Max Wesley Horn spent the past two years behind bars, awaiting trial for shooting a man at a crowded street festival.
He killed Joe Martell, but he believed he was right in doing it.
After deliberating nearly three hours Thursday, a jury agreed.
"I knew all along that the law was with me," Horn said after being found not guilty of second-degree murder under Florida's "stand your ground" law that allows people to meet force with force anywhere they feel threatened.
Horn's case was not the first to test this relatively new doctrine, but it was among the best-known and most-watched.
The verdict stunned Martell's friends — some of them gun owners who were amazed that the law would excuse their friend's death.
"You can't shoot people over an argument," said Dan Shell, a friend of Martell's since high school. "Or, I guess you can."
The shooting happened March 29, 2008, amid a huge crowd at the downtown after-party of the Chasco parade. Horn, a video producer with three kids, was there with his wife and friends. Martell was with another group. The two men didn't know each other.
Horn, 48, testified that he was waiting to go inside Hot Shotz bar and grill with his wife and friends when Martell, 34, burst out the door, knocking down a woman and pushing several others. A fight began to erupt and Martell got into a dispute with two of Horn's family members.
"Then he starts on me. … I told him, 'I can't fight you,' " Horn said.
Horn had a concealed weapons permit and a serious heart condition. He lifted his shirt to reveal he was armed. "I'll shoot you," he told Martell.
Martell's friend Scott Hicks testified that he dragged Martell into a bar across the street to calm him down. But as soon as they got inside, Martell disappeared out a side door.
Horn said Martell advanced on him, and without warning punched him in the head. As he righted himself, he drew his gun and fired at Martell's abdomen.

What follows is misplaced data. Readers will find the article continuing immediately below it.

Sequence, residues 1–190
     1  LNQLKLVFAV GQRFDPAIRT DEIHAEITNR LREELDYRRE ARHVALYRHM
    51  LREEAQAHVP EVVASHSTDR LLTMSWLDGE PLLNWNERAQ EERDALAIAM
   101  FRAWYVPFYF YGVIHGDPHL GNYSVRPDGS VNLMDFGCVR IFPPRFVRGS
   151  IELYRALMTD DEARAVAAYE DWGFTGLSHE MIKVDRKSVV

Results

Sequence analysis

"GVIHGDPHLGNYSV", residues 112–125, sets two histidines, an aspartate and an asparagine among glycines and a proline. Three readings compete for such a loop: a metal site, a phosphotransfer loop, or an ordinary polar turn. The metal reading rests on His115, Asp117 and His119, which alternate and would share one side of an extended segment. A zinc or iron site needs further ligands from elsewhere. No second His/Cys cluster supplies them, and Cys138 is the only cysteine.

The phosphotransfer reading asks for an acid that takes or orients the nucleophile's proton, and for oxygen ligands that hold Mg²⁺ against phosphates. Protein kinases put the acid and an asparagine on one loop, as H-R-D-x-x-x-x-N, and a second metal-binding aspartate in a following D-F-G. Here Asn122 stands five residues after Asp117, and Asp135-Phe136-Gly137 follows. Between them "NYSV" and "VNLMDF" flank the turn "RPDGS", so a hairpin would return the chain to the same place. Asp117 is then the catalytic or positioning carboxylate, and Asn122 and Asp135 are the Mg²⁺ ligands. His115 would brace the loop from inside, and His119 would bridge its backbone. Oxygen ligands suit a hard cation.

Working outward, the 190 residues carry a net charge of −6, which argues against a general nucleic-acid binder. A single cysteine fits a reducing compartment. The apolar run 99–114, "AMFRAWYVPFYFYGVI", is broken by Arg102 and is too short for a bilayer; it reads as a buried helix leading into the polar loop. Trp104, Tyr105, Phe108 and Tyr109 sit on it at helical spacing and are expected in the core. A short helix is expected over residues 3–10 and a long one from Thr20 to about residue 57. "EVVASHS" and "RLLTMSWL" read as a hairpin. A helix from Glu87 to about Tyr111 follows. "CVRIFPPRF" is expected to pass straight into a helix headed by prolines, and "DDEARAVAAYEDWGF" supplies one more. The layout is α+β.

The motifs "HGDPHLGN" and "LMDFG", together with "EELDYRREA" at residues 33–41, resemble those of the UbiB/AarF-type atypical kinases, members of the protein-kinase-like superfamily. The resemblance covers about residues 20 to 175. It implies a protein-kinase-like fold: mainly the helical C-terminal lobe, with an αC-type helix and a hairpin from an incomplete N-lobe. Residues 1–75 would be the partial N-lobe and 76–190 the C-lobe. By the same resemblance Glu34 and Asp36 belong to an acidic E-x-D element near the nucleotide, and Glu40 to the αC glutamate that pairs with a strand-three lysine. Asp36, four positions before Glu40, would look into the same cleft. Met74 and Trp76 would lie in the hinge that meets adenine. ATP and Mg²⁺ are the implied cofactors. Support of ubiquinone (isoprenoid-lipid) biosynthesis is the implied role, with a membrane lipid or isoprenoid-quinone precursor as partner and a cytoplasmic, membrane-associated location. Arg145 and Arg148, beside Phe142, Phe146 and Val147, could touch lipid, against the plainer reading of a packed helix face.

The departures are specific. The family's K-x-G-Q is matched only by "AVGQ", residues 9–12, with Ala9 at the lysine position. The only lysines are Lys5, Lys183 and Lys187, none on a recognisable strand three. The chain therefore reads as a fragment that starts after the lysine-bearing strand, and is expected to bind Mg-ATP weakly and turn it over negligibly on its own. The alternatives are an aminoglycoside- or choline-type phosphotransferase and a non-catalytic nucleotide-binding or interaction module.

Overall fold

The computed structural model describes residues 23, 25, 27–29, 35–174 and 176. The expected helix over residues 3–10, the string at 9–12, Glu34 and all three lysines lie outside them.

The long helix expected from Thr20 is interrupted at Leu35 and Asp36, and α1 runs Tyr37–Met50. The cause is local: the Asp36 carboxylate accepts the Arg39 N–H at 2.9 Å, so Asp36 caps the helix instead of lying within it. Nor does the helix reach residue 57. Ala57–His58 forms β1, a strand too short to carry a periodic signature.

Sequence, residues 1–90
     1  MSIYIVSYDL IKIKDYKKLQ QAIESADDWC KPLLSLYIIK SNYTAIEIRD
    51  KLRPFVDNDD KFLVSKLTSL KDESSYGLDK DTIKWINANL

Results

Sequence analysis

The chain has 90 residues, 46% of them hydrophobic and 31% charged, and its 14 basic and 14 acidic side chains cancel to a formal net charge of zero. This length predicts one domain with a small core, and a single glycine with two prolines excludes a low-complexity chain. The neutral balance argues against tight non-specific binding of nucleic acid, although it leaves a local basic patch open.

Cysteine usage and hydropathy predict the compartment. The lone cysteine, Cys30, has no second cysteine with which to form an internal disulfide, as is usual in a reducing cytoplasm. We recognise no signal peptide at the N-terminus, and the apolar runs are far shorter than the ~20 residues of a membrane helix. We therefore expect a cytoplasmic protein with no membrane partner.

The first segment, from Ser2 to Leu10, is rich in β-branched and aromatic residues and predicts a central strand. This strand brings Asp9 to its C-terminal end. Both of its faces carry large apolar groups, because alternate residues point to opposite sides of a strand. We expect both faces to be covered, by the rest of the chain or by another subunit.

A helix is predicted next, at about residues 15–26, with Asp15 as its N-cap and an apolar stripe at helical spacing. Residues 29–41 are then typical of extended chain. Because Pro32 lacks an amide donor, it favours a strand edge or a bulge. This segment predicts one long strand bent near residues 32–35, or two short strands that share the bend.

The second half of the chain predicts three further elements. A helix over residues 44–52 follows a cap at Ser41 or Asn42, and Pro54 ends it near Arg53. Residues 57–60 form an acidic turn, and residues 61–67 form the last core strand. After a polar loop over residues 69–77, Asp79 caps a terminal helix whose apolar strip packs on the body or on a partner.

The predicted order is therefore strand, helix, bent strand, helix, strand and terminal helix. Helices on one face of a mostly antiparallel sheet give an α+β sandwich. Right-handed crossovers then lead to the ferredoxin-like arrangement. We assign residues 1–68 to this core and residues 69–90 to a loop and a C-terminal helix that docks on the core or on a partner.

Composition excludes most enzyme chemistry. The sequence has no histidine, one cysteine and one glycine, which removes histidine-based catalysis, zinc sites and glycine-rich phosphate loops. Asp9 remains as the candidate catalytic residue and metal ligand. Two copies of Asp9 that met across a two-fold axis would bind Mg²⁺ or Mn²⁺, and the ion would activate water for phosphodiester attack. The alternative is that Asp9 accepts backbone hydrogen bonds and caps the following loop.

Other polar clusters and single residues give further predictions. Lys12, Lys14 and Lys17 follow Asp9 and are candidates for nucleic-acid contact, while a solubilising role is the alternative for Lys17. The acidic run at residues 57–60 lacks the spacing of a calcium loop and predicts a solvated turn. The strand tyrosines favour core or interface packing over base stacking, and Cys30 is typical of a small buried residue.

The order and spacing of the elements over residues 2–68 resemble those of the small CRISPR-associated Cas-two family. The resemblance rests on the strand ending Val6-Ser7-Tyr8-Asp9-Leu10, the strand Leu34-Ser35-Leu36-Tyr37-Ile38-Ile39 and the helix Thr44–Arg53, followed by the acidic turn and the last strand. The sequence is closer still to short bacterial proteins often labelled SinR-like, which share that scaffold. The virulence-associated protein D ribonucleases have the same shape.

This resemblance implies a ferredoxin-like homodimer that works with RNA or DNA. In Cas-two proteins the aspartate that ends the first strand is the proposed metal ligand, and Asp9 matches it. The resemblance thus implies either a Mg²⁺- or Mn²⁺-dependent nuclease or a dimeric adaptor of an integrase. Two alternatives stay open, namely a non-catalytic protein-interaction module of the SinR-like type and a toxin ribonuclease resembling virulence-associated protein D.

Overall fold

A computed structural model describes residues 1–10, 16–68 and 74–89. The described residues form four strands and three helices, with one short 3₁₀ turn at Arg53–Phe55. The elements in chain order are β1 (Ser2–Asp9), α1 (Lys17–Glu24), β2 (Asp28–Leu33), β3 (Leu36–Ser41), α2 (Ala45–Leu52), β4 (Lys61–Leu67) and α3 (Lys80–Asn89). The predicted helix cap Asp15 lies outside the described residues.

"I knew I couldn't sustain another punch like that," Horn said.
Once upright, he fired again and again. Martell lunged forward, swiping at the gun, Horn said. One bullet struck him in the back of his shoulder; the others hit several places on his torso.
Assistant State Attorney Jim Goodnow pressed Horn about why none of the two dozen eyewitnesses called by the state recalled seeing any physical contact between the two. Horn had no answer. The defense called three witnesses who said they did see the punch but had obstructed views of the incident.
Goodnow implored jurors to dismiss Horn's heart condition as a play for sympathy.
"You cannot put a heart condition up there as an excuse to go up there and sink six bullets — boom, boom, boom, boom, boom, boom — into Martell," Goodnow said in his closing argument. "It's not an excuse. It's not justifiable to taking a life."
But Horn's condition compared with Martell's size — he was 6 feet 6, 328 pounds — were among the issues jurors had to consider in deciding between murder and self-defense.
Martell grew up in the area and worked with his father as an asphalt plant operator. He left behind a young son, Travis. His friends and family — some of whom witnessed his death — watched the trial this week.
His mother, Mary, nearly collapsed in the courthouse lobby after the verdict and had to be helped out by her husband.
"A murderer walked free," said Ed Hicks, Scott Hicks' father.
But Horn's attorney, Keith Hammond, told jurors, "He's doing what he's got a right to do."
Molly Moorhead can be reached at firstname.lastname@example.org or (727) 869-6245.